In an article for the New York Times, medical doctor Perri Klass highlights the importance of making sure your kids learn the lost art of handwriting — and cites a recent study that connects the cursive writing skills with advantages in spelling and composition.
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Why handwriting gives kids an edge
An article in The Journal of Early Childhood Literacy last year cited the connections between good handwriting and academic achievement. Dr. Laura Dinehart, an associate professor of early childhood education at Florida International University found two reasons for this: 1. Kids who had good handwriting may get better grades because their content is more pleasant to read and 2., youngsters who struggle with writing may be too consumed with the writing itself, and their work suffers.
She also found that in low-income children, those who had good writing skills in pre-kindergarten did better in school later on.
In another study, Virginia Berninger, a professor of educational psychology at the University of Washington found evidence to indicate that ‘forming letters — engages the mind, and that can help children pay attention to written language.’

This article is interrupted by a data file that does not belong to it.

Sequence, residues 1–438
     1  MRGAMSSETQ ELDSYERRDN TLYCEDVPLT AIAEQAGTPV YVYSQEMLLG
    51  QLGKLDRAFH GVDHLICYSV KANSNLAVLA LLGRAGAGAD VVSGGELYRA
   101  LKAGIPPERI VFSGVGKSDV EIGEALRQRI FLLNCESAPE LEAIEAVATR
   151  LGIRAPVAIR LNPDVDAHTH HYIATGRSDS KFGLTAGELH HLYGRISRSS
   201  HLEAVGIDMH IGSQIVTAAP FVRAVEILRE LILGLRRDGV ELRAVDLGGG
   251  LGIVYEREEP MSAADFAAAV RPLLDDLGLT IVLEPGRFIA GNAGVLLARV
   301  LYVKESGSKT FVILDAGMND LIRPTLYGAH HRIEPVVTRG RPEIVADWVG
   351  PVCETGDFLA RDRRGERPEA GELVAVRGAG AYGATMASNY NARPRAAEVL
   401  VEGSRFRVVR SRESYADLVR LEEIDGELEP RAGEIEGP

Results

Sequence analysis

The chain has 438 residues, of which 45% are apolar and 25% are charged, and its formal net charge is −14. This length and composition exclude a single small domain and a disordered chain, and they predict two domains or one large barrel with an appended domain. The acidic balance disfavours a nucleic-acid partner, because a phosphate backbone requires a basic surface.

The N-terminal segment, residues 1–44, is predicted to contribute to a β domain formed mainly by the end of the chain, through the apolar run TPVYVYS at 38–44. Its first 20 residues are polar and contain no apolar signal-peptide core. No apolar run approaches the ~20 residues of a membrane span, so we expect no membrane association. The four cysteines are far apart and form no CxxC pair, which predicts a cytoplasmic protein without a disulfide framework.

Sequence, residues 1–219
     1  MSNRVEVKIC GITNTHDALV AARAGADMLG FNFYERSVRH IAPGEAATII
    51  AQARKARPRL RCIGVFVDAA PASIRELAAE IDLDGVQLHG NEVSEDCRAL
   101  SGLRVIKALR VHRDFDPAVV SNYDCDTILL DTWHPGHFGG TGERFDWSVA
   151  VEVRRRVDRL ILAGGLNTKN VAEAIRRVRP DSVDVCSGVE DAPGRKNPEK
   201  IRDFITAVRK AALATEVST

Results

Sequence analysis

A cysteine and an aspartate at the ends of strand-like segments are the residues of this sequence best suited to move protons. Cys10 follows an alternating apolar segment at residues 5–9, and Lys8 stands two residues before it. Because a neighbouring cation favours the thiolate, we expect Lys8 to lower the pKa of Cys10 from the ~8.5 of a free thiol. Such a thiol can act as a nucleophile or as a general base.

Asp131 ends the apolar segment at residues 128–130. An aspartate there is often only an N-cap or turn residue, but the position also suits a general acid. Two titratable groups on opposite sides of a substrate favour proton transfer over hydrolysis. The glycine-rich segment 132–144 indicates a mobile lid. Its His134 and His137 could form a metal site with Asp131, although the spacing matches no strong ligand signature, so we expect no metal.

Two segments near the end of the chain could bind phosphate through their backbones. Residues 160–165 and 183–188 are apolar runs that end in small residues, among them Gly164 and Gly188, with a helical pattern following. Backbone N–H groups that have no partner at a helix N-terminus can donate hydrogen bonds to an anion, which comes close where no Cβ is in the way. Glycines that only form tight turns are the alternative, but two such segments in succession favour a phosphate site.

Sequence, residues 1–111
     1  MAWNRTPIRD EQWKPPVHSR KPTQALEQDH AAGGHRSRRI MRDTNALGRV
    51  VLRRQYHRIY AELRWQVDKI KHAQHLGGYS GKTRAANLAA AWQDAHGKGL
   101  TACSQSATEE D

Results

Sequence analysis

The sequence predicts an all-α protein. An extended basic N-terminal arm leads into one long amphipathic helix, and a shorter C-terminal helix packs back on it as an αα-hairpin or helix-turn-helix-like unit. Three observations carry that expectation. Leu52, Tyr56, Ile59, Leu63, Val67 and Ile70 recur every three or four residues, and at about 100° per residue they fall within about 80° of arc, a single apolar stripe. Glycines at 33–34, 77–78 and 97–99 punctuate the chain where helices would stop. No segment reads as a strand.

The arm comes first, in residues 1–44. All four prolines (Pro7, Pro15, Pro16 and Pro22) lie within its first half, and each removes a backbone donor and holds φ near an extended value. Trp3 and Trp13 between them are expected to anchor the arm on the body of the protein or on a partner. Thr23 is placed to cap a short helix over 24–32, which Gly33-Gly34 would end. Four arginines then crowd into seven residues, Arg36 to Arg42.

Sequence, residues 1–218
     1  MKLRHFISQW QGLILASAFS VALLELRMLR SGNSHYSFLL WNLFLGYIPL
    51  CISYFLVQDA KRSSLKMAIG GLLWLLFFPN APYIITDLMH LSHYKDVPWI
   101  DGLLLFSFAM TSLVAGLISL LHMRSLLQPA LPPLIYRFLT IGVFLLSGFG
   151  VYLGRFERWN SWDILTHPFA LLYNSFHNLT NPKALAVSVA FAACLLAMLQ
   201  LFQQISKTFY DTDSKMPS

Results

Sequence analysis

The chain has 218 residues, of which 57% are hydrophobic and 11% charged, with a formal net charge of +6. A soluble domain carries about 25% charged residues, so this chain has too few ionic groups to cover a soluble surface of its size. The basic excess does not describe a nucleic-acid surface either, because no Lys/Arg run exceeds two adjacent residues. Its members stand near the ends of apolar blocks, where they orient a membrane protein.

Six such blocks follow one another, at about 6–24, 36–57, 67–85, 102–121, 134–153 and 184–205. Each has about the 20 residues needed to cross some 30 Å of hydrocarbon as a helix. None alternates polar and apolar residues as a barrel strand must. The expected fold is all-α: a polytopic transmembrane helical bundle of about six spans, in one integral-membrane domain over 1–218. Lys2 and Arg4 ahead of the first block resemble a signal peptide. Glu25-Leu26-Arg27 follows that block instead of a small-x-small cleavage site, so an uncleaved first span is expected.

She says of the importance of children learning to write, ‘This myth that handwriting is just a motor skill is just plain wrong. We use motor parts of our brain, motor planning, motor control, but what’s very critical is a region of our brain where the visual and language come together, the fusiform gyrus, where visual stimuli actually become letters and written words.’
She further commented that brain imaging shows this brain region activates differently in children who have trouble with handwriting; you have to ‘see’ the letters in your minds eye in order to put pen to paper.
Another professor found this to be true. In a series of brain scans of children who did not yet know how to print, “Their brains don’t distinguish letters; they respond to letters the same as to a triangle,” said Karin James, a professor of psychological and brain sciences at Indiana University.
Even college students benefit from handwriting when taking notes in class. “College students who are writing on a keyboard are less likely to remember and do well on the content than if writing it by hand,” said Dr. Dinehart.
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The best of both worlds
Although it seems the skill of handwriting, and especially cursive, is helpful to kids in their other studies, researchers are citing the importance of both handwriting and typing in today’s modern world.
“What we’re advocating is teaching children to be hybrid writers,” said Dr. Berninger. ‘Manuscript first for reading — it transfers to better word recognition — then cursive for spelling and for composing. Then, starting in late elementary school, touch-typing.’
All of this research seems to suggest that handwriting plays an important role in cognitive development and learning, and should not be tossed aside as we become more tech savvy as a culture.